Palantir has been particularly useful in tracking terrorist and insurgent networks in Iraq, Afghanistan and elsewhere that build improvised explosive devices (IEDs), which would make it ideal to track the Tsarnaev brothers’ network in Boston.

And it so happens that one of Palantir’s top executives, Michael Leiter, is an “analyst” for NBC News as well as MSNBC.

Leiter, who started at NBC last fall, is the former director of the National Counter Terrorism Center, the inter-agency situation room in Northern Virginia where the U.S. government synchronizes all of its intelligence analysis. As I pointed out in a recent article in Salon, he is almost always introduced in connection with the NCTC rather than as someone affiliated with Palantir. This is misleading, to say the least.

But his appearances help his company. Consider Leiter’s April 15 interview on MSNBC with Rachel Maddow (who was the only NBC host to introduce him as a Palantir executive). She had just asked him how the investigation by the FBI, the Joint Terrorism Task Force and federal and state security agencies in Massachusetts might proceed.

“Everyone in the federal government will coordinate with the FBI, but they`ll be looking overseas,” he said, according to an NBC transcript. “They`ll be looking domestically. They`ll be looking at signals intelligence and telephone communications, all trying to piece together to see things they had that were previously innocent or new information about people who might be talking about this attack.” U.S. officials, he added, will add “videotape from the scene [and] license plates of cars that were in the area. All of this enormous data will be used to combine a more holistic picture. I expect in the coming days, we`ll have a better sense of who is behind this.”

One night during the chase for the bombers, on NBC Nightly News, Brian Williams (again introducing Leiter as the “former director” of the CTC), noted that investigators had found “some of the needles” in the haystack, including the bombers’ backpacks, wires and a battery. All of that, plus imagery – “tons of it” – must be a “big early help,” he commented. Leiter replied that “all of that imagery from the store, from the police and from people, you combine that with the forensic evidence and then the secret intelligence that we are not hearing about from human intelligence sources, cell phone records, things like that. And that starts to paint the mosaic from which they can find their suspect.”

Now all of that is undoubtedly very informative to viewers. But it’s also exactly the kind of work Palantir does for intelligence agencies – and is probably doing right now for the NSA. But Palantir isn’t just sitting around, waiting for contracts; it’s also beating the bushes on Capitol Hill and on K Street. It has spent nearly $1 million lobbying for in Washington in the last two years, as these documents show.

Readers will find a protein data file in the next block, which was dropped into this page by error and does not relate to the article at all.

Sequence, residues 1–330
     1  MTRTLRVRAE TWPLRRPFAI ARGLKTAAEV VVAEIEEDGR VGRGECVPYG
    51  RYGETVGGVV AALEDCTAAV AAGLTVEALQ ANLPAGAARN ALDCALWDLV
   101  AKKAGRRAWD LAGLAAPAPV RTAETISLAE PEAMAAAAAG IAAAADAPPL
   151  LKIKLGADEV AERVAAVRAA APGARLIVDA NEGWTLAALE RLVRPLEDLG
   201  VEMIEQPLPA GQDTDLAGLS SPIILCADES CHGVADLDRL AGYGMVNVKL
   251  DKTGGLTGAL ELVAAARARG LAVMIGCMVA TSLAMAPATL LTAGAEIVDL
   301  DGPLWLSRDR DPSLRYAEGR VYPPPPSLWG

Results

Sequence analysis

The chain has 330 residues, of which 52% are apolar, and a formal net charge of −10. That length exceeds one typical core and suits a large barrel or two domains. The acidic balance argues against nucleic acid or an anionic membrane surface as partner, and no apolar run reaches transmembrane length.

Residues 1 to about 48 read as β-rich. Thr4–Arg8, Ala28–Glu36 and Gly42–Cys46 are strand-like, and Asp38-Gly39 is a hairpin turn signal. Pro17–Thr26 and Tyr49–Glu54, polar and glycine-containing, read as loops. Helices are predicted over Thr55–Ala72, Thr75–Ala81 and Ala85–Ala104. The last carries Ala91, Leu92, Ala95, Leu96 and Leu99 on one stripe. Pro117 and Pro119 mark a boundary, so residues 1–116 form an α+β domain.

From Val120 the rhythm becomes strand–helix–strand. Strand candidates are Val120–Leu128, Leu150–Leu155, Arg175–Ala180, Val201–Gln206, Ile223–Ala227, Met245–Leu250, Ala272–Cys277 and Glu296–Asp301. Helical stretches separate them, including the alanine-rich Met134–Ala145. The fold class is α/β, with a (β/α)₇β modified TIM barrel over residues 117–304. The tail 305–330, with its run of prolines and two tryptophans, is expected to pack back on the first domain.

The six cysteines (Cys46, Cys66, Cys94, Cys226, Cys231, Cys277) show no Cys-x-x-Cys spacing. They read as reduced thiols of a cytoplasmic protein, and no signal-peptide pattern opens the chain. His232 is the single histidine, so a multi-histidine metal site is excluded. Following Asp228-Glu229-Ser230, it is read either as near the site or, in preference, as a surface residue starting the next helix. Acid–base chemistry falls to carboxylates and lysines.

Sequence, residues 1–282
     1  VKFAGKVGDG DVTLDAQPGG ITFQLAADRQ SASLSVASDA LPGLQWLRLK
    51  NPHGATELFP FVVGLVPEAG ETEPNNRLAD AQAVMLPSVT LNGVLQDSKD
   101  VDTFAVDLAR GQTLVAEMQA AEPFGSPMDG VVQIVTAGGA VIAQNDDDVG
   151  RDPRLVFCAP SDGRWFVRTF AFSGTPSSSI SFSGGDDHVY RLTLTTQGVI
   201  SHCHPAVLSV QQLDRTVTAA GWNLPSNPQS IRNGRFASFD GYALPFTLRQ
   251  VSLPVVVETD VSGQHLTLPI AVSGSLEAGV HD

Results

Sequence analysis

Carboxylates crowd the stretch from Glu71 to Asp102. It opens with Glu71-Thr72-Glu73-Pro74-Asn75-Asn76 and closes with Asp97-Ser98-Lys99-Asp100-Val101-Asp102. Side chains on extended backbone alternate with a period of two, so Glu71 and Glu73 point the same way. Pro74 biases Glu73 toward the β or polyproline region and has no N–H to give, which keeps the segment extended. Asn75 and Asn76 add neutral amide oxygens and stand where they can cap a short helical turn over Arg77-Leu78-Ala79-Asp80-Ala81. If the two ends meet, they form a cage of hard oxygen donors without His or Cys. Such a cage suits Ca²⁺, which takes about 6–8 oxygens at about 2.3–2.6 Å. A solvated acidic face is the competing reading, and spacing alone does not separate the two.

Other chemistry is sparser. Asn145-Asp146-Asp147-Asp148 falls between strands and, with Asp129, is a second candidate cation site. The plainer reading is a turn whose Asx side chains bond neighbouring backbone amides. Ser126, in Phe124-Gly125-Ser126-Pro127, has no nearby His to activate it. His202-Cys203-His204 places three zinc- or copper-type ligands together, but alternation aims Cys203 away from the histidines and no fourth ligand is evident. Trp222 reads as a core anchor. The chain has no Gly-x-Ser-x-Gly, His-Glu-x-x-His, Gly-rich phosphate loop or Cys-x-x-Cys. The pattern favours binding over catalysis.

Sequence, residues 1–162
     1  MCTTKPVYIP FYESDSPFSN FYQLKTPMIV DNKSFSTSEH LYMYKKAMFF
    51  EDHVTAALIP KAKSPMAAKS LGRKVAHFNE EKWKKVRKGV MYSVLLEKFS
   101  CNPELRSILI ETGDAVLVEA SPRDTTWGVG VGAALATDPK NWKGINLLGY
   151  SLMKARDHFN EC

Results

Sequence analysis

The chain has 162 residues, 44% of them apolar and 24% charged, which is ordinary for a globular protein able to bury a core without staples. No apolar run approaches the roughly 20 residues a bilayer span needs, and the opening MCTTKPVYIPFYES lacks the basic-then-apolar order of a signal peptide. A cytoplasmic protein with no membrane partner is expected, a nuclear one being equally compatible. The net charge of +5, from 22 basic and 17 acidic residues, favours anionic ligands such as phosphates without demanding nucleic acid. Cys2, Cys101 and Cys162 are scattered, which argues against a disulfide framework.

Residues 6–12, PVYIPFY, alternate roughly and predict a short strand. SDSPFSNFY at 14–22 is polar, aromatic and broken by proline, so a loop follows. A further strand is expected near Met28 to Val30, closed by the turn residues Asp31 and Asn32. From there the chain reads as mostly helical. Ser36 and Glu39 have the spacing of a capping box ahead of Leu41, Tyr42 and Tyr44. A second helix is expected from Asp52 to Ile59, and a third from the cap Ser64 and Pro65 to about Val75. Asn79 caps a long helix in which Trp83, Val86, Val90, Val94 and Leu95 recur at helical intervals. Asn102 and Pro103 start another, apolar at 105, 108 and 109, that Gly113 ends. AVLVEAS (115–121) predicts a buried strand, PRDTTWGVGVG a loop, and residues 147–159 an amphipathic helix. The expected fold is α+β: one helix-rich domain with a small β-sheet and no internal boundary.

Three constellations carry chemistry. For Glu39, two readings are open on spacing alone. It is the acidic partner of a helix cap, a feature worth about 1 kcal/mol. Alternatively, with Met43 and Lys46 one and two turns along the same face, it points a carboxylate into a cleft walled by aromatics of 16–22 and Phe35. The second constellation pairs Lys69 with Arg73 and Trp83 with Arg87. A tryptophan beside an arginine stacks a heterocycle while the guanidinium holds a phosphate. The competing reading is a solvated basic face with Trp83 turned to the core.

Still, it wouldn’t be surprising to hear that Leiter’s appearances on MSNBC helped win business for his company.

As a direct result of the Tsarnaev brothers’ shocking commando-style attack in Boston, for example, federal and state law enforcement and counter-terrorism agencies are certain to intensify their drive to identify potential criminal networks in American cities and towns – a perfect job for Palantir.

The government’s focus on tracking illicit networks, such as drug smugglers and human traffickers, will be even greater with the massive spending about to flow to the U.S.-Mexican border under the new immigration bill, which includes billions of dollars for additional border security and aims to reduce by 90 percent the number of illegal crossings. That, too, could attract interest in Palantir, and the intelligence techniques Leiter describes, from border agencies like ICE and the DEA.

And then there’s the increased emphasis on protecting U.S. embassies following last September’s violent attack on the U.S. consulate and CIA headquarters in Benghazi, Libya. “If State wants to join this party, what’s the company that has the software to track them?” said the former military intelligence official who used Palantir’s software. “The more you look, Palantir has a vested interest in it.”